The lost art of letter writing is the primary vehicle of this materialism. Largely borrowed from the University of St. Andrews, where Thompson spent the second half of his scholarly career as Chair of Natural History from 1917 to 1948, the letters in the exhibition in many ways serve to deconstruct the book, revealing its internal logic and development through time. A back-and-forth between paleobotanist Albert C. Seward and Thompson frames the germination of On Growth and Form. In 1910, Seward implored Thompson to write a small book on whales for a popular science series he was editing for Cambridge University Press. Thompson replied, “I do not much care about the subject of ‘Whales’…On the other hand, I have had an idea in my head for a long time of a little book with some such title as ‘The Form of Organisms’, or ‘Growth and Form’.” Six or so years later the “little book” called On Growth and Form appeared.
The missives on display in Harmonious Complexity came to Thompson from a diverse group of individuals, including biologist Julian Huxley, Danish ornithologist Gerhard Heilmann, engineer Claxton Fidler, biologist Peter B. Medawar, Thompson’s assistant William T. Calman, Dundee Professor of Physics William Peddie, and Ukranian-American mathematical biologist Nicolas Rashevsky, among others. This rather motley collection of characters truly reveals the important role of polyversant dialogue – talking across fields – in the ongoing evolution of Thompson’s ideas. There are also letters written by Thompson in the exhibition, including one he wrote to philosopher-mathematician Alfred North Whitehead. Whitehead and Thompson’s friendship dated back to their time in Cambridge, where they were students in the early 1880s. He wrote to Whitehead May 20, 1918, roughly a year after the first edition of the book appeared, broaching the “problem of the Three Dimensions of Space.”
The exhibition further lays bare the hewing, modeling, and stitching of the book through other and various physical means. A selection of Thompson’s scrapbooks, of which there is one for the first edition of 1917 and five for the second edition in 1942, reinforces the collective, well-nigh magpie nature of On Growth and Form. Viewers learn copious details about the images of the book, including the fact that his assistant Doris Mackinnon and former student Helen Ogilvie contributed an abundance of them. Thompson’s collections of growth charts, teeth, transformation diagrams, models of microscopic radiolaria and spiraling amoeboid organisms called foraminifera, models of the embryological development of the fishlike marine chordate, the lancelet Branchiostama, and glass models of marine invertebrates make the exhibition and book vibrate with life.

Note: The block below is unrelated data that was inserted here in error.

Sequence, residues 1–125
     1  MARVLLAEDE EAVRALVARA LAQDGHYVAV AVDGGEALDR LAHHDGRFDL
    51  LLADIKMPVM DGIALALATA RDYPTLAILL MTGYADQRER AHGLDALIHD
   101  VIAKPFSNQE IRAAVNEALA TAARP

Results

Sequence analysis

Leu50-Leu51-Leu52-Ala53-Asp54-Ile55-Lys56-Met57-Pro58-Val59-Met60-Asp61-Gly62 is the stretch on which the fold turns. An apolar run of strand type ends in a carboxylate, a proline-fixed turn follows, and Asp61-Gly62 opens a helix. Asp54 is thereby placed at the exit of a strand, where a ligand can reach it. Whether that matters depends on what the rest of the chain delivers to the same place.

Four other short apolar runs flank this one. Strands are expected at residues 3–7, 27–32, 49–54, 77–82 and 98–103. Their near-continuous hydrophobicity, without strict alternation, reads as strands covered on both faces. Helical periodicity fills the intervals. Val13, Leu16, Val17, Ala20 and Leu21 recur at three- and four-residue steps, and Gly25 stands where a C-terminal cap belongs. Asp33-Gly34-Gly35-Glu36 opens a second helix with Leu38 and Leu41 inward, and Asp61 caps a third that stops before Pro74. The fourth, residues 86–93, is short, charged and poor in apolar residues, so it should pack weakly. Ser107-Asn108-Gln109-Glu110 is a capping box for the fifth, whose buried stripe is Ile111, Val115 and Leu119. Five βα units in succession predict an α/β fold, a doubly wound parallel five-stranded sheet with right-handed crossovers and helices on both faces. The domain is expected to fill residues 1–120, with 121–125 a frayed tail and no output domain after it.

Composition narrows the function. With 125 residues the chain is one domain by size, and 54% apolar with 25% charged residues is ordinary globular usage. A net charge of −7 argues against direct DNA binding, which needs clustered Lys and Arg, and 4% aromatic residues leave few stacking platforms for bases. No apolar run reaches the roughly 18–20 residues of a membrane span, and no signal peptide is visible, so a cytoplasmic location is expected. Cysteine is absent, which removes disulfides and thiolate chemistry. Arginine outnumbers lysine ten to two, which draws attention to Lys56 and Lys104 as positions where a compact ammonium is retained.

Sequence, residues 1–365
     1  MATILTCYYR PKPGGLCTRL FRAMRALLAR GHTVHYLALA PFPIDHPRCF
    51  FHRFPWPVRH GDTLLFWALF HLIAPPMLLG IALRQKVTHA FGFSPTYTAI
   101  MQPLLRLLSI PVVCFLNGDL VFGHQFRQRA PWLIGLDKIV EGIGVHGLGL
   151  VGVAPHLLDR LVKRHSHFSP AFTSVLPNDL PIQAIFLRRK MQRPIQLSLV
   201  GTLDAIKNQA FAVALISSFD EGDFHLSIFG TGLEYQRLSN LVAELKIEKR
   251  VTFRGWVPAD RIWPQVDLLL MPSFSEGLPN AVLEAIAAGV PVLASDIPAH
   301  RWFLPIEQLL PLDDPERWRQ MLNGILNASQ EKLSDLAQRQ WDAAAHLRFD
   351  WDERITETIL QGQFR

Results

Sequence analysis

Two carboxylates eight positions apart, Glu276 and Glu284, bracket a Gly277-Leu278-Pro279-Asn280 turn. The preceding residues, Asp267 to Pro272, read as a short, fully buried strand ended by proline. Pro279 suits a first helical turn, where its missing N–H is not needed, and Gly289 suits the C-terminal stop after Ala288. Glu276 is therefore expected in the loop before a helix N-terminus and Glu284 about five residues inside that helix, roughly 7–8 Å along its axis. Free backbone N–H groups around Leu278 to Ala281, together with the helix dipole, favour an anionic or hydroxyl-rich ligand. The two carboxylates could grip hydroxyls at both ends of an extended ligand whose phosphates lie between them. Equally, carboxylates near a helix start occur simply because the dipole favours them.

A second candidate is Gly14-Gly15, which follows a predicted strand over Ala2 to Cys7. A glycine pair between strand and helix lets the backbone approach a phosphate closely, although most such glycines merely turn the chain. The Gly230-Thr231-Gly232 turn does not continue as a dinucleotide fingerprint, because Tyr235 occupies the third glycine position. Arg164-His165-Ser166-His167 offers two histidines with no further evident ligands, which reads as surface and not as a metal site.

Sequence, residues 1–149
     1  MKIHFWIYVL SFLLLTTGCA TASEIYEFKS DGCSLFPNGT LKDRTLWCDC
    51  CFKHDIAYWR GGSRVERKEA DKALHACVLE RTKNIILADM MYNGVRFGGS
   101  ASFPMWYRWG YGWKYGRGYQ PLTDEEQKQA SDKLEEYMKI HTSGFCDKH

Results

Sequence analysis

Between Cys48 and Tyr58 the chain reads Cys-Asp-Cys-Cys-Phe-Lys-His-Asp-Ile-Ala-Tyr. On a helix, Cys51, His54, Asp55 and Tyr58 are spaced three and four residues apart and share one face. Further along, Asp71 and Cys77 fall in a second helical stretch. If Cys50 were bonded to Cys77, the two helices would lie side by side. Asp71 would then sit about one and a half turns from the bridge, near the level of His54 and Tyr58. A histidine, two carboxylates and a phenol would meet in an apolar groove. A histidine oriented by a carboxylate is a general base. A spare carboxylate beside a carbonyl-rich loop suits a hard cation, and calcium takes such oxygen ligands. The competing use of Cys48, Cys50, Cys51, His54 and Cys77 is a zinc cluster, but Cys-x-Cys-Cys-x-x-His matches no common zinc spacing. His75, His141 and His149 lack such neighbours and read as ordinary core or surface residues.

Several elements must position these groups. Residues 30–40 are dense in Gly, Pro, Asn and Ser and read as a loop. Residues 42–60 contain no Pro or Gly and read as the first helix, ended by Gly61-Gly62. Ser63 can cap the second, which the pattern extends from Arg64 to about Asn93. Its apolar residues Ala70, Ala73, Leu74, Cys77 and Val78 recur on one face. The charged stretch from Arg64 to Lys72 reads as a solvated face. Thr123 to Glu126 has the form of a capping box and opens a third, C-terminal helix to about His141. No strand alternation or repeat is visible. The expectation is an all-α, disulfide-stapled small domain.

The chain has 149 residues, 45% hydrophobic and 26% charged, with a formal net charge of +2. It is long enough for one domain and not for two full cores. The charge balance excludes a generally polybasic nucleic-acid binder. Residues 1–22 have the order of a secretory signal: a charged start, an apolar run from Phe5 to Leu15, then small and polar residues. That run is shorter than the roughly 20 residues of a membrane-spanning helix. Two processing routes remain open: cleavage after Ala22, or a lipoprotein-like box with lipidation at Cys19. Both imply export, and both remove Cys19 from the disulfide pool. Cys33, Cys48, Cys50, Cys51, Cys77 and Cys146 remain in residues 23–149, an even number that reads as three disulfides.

Bringing this sense of life-through-specimen into the 21st century, Body’s “The Archaeopteryx” virtually resuscitates an extinct dinosaur-era bird through cutting edge technology. The piece combines the copy of a fossil from Berlin’s Natural History Museum owned by Thompson and a 3D-animation of the bird returning to life as if in reverse, from the fossil into a walking, then flying virtual light-form. [Video] For the piece, Caroline Erolin scanned Thompson’s original Archaeopteryx fossil-cast using a laser scanner. Body then used the data from this scan to create a 3D printed copy. Another artist painted the print to look like the original fossil in Berlin’s Natural History Museum. The ersatz fossil is mounted in the back of a black box, from which the bird emerges by way of Body’s careful orchestration of animation seen from three different angles. These three perspectives are then reflected onto the prism, thereby creating the illusion of the prehistoric bird moving around inside of the box. All of these works, the older models from the D’Arcy Thompson Zoology Museum and Body’s new 3D animation, reinforce the role of “complexity” within Thompson’s work, as the exhibition title well foregrounds. Indeed, this is long before the word was used prominently in the sciences, and in related areas such as the philosophy of biology, feminist science and technology studies, and developmental systems theory as it is today. In his own day, Thompson’s project would have been seen as an exploration of organicist thinking, the third-way philosophy and practice of science that moved beyond the vitalism-mechanism debate of the time.
Sometimes referred to as third-way biology or epigenetics, organicism in the work of Thompson does the impossible. It closes the circle of the open system that is his thinking and the book itself. It returns to the beginning while being utterly of our own moment. The idea of organicist biology takes all of us – Thompson and his readers – back to the origins of his thinking and methodology within the 19th century, while then bringing us back into the present in the 21st century in a feat of what I once called “allotemporality,” or “other-timing.” What I am getting at here is how Thompson’s willful oblivion of inheritance and genetics in favor of a bigger picture of biology, that is, his penchant for writing deeply and broadly about the role physical forces play in the real-time unfolding of morphogenesis within ontogeny rather than looking to natural selection and the bits or units (the genes) of phylogeny in deep, geological time, was right on, complementary to the metrics and logic of complexity within the biological sciences in the longer run. This is so, even while in its own day it was out of fashion. His position within biology not only makes him an organicist and epigeneticist, but also quite prescient – a Victorian avant-garde.